Wednesday, May 29, 2013

Gustaf III Airport, Saint-Barthélemy

Saint Barthélemy is an overseas collectivity of France, located in the Caribbean. It is the only Caribbean island which was once a Swedish colony for a longer period. Its main town is Gustavia, named after King Gustav III of Sweden.

Gustaf III Airport, located in St Jean, is a very small airport, served by small regional commercial aircraft and charters. Most visiting aircraft carry fewer than twenty passengers. Large planes can’t land on St Barths. So major flights must land at the neighboring island of St. Maarten, where they have a big, modern airport. From there, visitors can jump aboard a ferry or hop on a small plane that can land on St Barths.

In Saint-Barthélemy French stamps are used.
(left) Le Trait du Nord, it’s a type of horse. 
(right) In 2011 France issued a large set of 24 stamps about Festivals and Traditions. This one pictures "La foire aux potirons" (The pumpkins fair).  

Tuesday, May 28, 2013

A Village Meeting of Masai Women, Tanzania

The Masai community lives in Ngorongoro District in northeast Tanzania. They own large herds of cattle, sheep and goats which they follow around seasonally in search of new grazing grounds and water sources. But their livelihood and way of life are under constant threat because the Tanzanian government does not recognize their land-use rights.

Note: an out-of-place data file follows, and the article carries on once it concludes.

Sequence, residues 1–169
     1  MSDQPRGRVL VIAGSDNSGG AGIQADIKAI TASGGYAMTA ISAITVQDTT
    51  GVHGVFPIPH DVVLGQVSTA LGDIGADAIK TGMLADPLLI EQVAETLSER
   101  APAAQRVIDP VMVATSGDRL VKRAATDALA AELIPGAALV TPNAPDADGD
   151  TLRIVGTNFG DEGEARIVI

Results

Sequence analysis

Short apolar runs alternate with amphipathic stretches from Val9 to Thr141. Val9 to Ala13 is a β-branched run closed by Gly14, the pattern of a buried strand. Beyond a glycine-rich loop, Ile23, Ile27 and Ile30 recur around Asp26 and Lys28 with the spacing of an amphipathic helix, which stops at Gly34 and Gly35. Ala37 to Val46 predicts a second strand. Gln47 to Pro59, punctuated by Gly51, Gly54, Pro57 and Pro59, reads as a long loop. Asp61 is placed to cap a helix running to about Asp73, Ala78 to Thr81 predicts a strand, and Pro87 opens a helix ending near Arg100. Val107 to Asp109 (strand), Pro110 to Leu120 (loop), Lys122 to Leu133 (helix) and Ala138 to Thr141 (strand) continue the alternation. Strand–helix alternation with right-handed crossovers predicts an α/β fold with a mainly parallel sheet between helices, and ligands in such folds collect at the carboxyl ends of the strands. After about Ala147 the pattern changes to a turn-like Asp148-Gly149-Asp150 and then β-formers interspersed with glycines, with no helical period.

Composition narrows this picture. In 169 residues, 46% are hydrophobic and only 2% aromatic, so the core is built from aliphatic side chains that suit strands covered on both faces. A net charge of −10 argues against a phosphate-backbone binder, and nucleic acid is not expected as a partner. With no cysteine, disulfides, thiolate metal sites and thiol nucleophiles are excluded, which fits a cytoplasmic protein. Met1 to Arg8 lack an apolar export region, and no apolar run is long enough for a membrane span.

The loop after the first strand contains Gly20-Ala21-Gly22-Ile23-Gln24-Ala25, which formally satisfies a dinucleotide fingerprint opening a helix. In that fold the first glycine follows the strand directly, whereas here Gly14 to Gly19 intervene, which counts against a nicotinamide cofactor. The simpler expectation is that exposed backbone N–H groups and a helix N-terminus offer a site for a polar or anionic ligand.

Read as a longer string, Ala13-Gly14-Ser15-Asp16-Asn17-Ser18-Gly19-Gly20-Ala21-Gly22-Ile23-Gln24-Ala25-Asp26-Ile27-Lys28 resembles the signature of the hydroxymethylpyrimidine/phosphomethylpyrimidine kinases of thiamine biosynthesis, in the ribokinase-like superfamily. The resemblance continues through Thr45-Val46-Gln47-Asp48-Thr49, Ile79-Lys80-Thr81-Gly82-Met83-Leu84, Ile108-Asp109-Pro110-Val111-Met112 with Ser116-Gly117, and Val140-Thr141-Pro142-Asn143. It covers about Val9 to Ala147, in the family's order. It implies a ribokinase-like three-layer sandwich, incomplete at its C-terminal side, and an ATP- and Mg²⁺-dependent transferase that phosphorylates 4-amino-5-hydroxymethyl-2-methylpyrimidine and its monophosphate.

Migrating Gnus. In 2009 Tanzania issued a set of 18 stamps about wild animals of Tanzania.

Sunday, May 26, 2013

St. George's Monastery in the Wadi Qelt Valley, Palestine State

Wadi Qelt is a valley located on the West Bank. It contains remnants of settlements, monasteries and palaces. 

One of them is the Greek Orthodox Monastery of St. George. It is named after St George of Koziba; a monk born in Cyprus 550 AD, who spent much of his life in the Judean Desert.

One from a set of four Christmas stamps, issued in 2010 by the Palestinian National Authority.

Saturday, May 25, 2013

The world's largest island: Kalaallit Nunaat | Greenland

Having been ruled by Denmark–Norway for centuries, Greenland became a Danish colony in 1814. Today Greenland is an autonomous country within the Kingdom of Denmark. With a population of only 56,000 it is the least densely populated country in the world.

The name of the country in Greenlandic is Kalaallit Nunaat meaning "land of the Kalaallit", the indigenous Greenlandic Inuit people who inhabit the country's western region.

The ice cap or inland ice covers up to 85 percent of Greenland's total area, and extends 2,500 km from north to south and up to 1,000 km from east to west.

Friday, May 24, 2013

The Queen of the North Sea: Norderney Island